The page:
Spotify is now testing video podcasts in its app, starting with two YouTube stars: Zane Hijazi and Heath Hussar, hosts of Zane and Heath: Unfiltered. The global test, which allows the creators to upload their recorded video footage to the app, will show up for 50 percent of the show’s Spotify podcast listeners, a source close to Spotify tells The Verge, and videos will only be coming to three recent episodes, numbers 28 through 30. The test doesn’t visually indicate which episodes have videos to accompany them; listeners will only know once they tap to press play and they see the video footage at the bottom of their screen. They can tap it to make it full screen.
Although this is just an initial test, the source says the feature will likely come to more podcasts in the future — and “fast.” It’ll be particularly helpful for programs from The Ringer, a network Spotify acquired earlier this year, because the team already uploads shows like The Rewatchables to YouTube.
Videos will sync with the audio feed and keep playing even if listeners lock their phones, and ad spots will still play but with the video showing up as a single, static shot. These videos will also only be uploaded in the language podcasters record, so Spotify won’t be translating them for a global audience. The feature is available on the desktop and mobile Spotify apps.
A Spotify spokesperson said in a comment to The Verge: “At Spotify, we routinely conduct a number of tests in an effort to improve our user experience. Some of those tests end up paving the way for our broader user experience and others serve only as an important learning. We don’t have any further news to share at this time.”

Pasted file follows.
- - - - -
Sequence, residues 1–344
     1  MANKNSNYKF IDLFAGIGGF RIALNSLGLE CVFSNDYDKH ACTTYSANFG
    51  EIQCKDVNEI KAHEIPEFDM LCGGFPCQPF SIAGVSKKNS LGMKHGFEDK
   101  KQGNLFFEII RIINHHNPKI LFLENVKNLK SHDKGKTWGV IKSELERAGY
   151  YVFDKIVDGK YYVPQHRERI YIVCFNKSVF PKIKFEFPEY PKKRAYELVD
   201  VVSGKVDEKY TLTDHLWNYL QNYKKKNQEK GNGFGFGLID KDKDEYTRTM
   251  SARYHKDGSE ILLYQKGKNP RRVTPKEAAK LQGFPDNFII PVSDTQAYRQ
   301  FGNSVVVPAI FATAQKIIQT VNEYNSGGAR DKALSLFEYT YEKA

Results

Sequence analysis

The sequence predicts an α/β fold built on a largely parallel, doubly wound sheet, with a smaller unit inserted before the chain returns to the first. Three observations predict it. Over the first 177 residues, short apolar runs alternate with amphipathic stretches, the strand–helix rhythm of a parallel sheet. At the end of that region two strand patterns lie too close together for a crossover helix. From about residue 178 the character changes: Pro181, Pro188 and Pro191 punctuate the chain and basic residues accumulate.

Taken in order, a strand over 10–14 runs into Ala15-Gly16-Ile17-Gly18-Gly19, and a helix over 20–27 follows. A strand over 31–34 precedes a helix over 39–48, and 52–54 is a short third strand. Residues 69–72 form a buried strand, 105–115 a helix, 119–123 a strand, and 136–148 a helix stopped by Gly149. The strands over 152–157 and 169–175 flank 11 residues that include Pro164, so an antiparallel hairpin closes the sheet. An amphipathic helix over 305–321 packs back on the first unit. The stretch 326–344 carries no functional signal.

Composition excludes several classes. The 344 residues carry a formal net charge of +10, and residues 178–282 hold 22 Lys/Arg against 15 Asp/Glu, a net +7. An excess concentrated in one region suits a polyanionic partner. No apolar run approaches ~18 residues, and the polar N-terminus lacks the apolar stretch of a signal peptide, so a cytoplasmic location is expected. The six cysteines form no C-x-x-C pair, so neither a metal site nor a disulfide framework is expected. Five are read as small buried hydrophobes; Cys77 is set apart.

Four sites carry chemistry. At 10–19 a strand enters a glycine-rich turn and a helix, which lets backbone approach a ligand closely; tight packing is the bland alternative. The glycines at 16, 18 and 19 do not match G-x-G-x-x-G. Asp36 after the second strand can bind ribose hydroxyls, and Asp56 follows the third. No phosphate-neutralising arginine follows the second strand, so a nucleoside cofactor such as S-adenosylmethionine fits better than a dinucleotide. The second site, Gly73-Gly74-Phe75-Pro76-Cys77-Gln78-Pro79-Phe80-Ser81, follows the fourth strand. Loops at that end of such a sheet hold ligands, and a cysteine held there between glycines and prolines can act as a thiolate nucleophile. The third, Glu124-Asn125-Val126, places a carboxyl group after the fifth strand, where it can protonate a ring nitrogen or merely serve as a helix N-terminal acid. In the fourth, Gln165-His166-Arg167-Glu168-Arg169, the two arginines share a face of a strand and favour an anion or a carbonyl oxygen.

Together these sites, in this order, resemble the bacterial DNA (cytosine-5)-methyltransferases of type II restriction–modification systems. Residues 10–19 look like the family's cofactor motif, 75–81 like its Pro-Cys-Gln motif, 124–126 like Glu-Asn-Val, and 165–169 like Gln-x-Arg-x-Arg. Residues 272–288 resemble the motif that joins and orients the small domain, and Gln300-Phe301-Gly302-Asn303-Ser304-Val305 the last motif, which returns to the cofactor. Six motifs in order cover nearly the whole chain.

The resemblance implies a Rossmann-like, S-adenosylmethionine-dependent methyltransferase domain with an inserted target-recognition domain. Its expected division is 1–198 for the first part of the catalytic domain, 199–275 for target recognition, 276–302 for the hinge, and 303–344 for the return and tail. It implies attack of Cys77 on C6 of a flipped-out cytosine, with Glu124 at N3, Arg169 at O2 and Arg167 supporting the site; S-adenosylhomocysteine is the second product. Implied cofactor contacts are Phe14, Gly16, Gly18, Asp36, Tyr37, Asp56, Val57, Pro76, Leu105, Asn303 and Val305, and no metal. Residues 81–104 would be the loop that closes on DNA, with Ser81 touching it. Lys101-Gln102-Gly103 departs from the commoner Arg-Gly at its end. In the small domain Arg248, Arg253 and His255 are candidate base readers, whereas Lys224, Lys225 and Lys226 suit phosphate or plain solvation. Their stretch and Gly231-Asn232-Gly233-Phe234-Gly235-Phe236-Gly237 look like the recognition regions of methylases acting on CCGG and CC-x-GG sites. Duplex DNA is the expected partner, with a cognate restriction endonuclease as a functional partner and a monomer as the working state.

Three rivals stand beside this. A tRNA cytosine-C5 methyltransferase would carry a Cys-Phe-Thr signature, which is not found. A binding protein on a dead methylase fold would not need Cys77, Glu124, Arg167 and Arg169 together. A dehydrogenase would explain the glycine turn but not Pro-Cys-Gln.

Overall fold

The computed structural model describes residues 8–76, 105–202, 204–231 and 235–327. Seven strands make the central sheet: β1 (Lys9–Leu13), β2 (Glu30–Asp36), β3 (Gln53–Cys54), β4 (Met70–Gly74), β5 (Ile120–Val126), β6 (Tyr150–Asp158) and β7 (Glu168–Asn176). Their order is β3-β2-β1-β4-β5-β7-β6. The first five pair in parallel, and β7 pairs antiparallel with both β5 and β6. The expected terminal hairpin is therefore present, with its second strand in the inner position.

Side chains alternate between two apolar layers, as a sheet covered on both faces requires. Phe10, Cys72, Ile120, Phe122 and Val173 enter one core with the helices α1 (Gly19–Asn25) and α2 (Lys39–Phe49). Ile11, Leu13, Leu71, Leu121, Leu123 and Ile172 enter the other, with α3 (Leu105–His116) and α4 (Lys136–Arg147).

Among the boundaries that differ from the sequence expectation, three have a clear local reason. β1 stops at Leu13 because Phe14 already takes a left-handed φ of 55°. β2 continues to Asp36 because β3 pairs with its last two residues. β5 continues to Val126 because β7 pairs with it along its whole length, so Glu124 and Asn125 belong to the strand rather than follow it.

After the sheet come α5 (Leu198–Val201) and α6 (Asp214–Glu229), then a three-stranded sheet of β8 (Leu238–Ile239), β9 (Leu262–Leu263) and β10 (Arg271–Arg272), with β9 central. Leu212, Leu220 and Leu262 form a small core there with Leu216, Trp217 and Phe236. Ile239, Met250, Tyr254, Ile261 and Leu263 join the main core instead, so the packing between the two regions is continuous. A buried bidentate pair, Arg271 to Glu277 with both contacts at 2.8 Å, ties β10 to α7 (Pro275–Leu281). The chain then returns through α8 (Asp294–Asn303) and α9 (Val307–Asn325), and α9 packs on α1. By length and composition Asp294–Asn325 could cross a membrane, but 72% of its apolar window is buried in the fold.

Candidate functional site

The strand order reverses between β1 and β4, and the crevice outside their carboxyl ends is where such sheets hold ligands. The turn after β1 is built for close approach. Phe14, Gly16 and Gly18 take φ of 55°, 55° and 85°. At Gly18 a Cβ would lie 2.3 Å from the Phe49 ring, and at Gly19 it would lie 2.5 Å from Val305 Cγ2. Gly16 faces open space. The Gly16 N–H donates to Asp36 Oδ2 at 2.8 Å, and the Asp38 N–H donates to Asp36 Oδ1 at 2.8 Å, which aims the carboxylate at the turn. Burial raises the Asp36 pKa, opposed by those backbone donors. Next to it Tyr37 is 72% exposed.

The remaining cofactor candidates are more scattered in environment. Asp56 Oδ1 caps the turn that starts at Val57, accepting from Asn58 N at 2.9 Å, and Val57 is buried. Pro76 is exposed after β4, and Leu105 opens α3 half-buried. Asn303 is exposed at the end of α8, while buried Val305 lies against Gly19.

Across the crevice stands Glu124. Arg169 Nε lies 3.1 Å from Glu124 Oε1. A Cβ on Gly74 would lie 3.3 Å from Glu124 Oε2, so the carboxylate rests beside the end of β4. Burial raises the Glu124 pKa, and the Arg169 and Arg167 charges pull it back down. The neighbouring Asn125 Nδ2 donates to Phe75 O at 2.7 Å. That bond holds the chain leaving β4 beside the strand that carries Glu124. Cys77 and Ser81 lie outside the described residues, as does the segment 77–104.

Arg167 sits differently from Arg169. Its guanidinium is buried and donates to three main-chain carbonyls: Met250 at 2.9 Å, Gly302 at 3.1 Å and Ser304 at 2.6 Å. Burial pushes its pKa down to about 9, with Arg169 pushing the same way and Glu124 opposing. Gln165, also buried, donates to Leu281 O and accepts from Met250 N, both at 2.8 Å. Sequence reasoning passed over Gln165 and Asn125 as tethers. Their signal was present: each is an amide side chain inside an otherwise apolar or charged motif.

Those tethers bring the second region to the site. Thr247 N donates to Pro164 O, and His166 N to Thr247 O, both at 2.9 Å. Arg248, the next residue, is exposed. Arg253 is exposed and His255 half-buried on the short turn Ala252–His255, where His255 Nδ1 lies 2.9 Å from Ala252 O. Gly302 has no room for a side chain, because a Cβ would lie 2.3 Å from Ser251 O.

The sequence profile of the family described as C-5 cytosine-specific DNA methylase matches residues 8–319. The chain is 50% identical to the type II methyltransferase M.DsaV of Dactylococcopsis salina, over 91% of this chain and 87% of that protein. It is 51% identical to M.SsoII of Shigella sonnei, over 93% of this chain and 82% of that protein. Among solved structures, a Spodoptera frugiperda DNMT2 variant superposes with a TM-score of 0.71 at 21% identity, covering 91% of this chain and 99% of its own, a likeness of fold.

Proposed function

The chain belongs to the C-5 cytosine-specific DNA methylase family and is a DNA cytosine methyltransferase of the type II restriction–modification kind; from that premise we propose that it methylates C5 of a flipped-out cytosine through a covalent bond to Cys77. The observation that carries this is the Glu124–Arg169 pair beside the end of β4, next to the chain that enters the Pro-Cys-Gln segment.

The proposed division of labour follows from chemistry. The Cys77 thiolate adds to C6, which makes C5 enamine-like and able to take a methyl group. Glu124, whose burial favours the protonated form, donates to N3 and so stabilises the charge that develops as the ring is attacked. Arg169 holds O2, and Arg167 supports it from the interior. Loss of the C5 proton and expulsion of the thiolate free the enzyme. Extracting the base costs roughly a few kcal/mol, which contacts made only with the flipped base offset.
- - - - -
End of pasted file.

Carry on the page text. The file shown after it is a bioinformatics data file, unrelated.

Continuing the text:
The fact that Spotify is starting its test with two YouTube stars seems like a direct shot at the Google-owned company. Some podcasters post their show’s video recordings on YouTube because they benefit from YouTube’s recommendation algorithm whenever they cut their show up into searchable clips. The source close to Spotify didn’t immediately know if videos posted to Spotify would show up in Google search or elsewhere on the web.
Spotify has been trying for years to make video on its platform an appealing option. It features looping videos with a tool called Canvas, and it’s experimented with special video content and music videos for big-name releases.
Whether people will want to watch videos on Spotify is tough to say. People who watch podcasts on YouTube might only be doing so because they found a show through clips, and Spotify would need to populate these shows into Google search to benefit from that traffic. People who simply enjoy watching podcasts instead of listening to them might be interested in what Spotify’s building, especially if they can lock their phone and keep the audio playing.
The test hints at bigger ambitions for the audio company. It’s already building a studio location in Los Angeles that will not only facilitate podcast recordings but also video. The company clearly wants to be a place for all content, in whatever form people want to consume.
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